Chris Montone*: How Should a Buddhist Respond to “Merry Christmas”?

For those of us who have formally taken refuge and changed our religious affiliation to Buddhism, the end of the year holiday season can pose some interesting challenges—one of which being, what to say in response to the myriad wishes of “Merry Christmas” that are bestowed upon us during the season. Naturally, each individual takes his or her own journey as they wrestle with this one. I thought I’d briefly share mine.

Initially, I recall, it became very clear to me the first Christmas season after I took refuge that people who were wishing me a Merry Christmas had no clue that I was now a Buddhist. How could they know? I didn’t look any different! Stranger still, even those who DID know (like my family) still wished me a Merry Christmas. This made me wonder how often in the past I had done the same thing—wishing people a “Merry Christmas” when they may have been Jewish, or atheist, or an adherent of another religion. Nevertheless, I still felt I needed to come up with a response that I felt comfortable with.

My first reaction was to raise their awareness, and hopefully their sensitivity, that not EVERYONE celebrates Christmas. So I would tend to smile and say something cute like, “Thanks, but I’m a Buddhist” and then watch their reaction. As time went on, however, that began to feel anywhere from manipulative to aggressive.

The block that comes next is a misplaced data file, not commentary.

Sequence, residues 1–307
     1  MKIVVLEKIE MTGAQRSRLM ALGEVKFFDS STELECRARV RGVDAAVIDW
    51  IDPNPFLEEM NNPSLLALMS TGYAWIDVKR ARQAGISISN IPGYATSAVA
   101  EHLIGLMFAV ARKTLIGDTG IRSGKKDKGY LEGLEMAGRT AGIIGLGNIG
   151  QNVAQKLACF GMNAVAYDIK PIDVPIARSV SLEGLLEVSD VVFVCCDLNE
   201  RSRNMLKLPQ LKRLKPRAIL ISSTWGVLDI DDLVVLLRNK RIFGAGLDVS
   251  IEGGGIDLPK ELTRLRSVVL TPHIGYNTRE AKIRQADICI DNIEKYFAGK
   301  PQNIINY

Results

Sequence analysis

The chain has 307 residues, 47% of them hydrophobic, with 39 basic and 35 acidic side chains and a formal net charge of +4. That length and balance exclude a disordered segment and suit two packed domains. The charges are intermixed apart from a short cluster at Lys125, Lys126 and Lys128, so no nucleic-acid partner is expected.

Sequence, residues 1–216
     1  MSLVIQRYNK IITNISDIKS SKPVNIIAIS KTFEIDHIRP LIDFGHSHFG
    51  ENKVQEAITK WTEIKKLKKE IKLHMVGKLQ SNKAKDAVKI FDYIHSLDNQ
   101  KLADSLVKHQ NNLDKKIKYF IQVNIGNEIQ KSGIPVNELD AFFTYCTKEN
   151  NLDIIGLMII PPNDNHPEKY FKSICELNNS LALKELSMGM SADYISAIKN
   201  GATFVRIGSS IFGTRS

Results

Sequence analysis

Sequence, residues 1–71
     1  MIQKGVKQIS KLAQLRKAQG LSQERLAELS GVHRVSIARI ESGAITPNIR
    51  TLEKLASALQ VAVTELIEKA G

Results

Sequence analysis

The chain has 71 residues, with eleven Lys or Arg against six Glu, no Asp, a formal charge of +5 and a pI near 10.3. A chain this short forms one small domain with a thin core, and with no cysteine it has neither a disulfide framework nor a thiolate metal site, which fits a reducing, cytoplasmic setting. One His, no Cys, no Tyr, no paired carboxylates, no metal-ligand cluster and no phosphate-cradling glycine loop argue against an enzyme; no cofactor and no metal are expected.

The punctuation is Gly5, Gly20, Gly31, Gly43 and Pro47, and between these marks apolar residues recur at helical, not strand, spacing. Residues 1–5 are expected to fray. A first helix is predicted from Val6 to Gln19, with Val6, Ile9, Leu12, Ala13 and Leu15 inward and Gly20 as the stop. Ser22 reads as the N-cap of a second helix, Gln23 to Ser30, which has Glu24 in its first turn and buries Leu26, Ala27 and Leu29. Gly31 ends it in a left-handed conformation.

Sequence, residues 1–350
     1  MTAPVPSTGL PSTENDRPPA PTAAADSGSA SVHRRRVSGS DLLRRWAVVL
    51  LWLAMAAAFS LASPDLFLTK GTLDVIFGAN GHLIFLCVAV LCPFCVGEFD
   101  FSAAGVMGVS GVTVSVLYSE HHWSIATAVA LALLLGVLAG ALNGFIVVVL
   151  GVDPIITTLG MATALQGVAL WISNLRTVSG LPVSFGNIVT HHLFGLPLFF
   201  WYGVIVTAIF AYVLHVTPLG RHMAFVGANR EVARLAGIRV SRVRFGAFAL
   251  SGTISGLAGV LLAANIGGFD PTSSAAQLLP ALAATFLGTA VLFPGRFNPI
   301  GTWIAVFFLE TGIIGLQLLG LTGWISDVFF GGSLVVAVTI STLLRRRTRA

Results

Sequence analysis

Next, I tried neutrality. “Happy Holidays” I would cheerily offer and respond whenever the occasion arose to say something festive. This felt like a more inclusive response as Hanukkah often occurs near Christmas as well, not to mention Kwanzaa! Now, there’s nothing wrong with saying “Happy Holidays”, in fact, it’s quite “politically correct” to do so when initiating a greeting. However, when someone specifically says “Merry Christmas” to you first, it’s most often because that’s the holiday they celebrate at this time of the year. So saying “Happy Holidays” in response can still come off as a little, oh, shall we say, preachy?

Today, the evolution of my response has settled rather comfortably into wishing people “Happy Holidays” when I’m the first to speak and if they wish me a “Merry Christmas” first, I respond in kind. “Merry Christmas” because I truly wish that they enjoy Christmas if that’s the holiday they celebrate. I no longer feel the need as acutely as before to educate, sensitize, raise awareness, etc. through my response. It feels kinder to simply say “Merry Christmas”, “Happy Hanukkah”, or “Happy Kwanzaa” Rather than making anyone feel awkward by pointing out how we’re different, we can express the common joy that we feel by sharing the wish that everyone celebrate the holiday season in whatever ever way they choose.

Happy Holidays!

*Chris Montone is a former Catholic and now Buddhist who enjoys celebrating the Christmas holiday with his family and friends.

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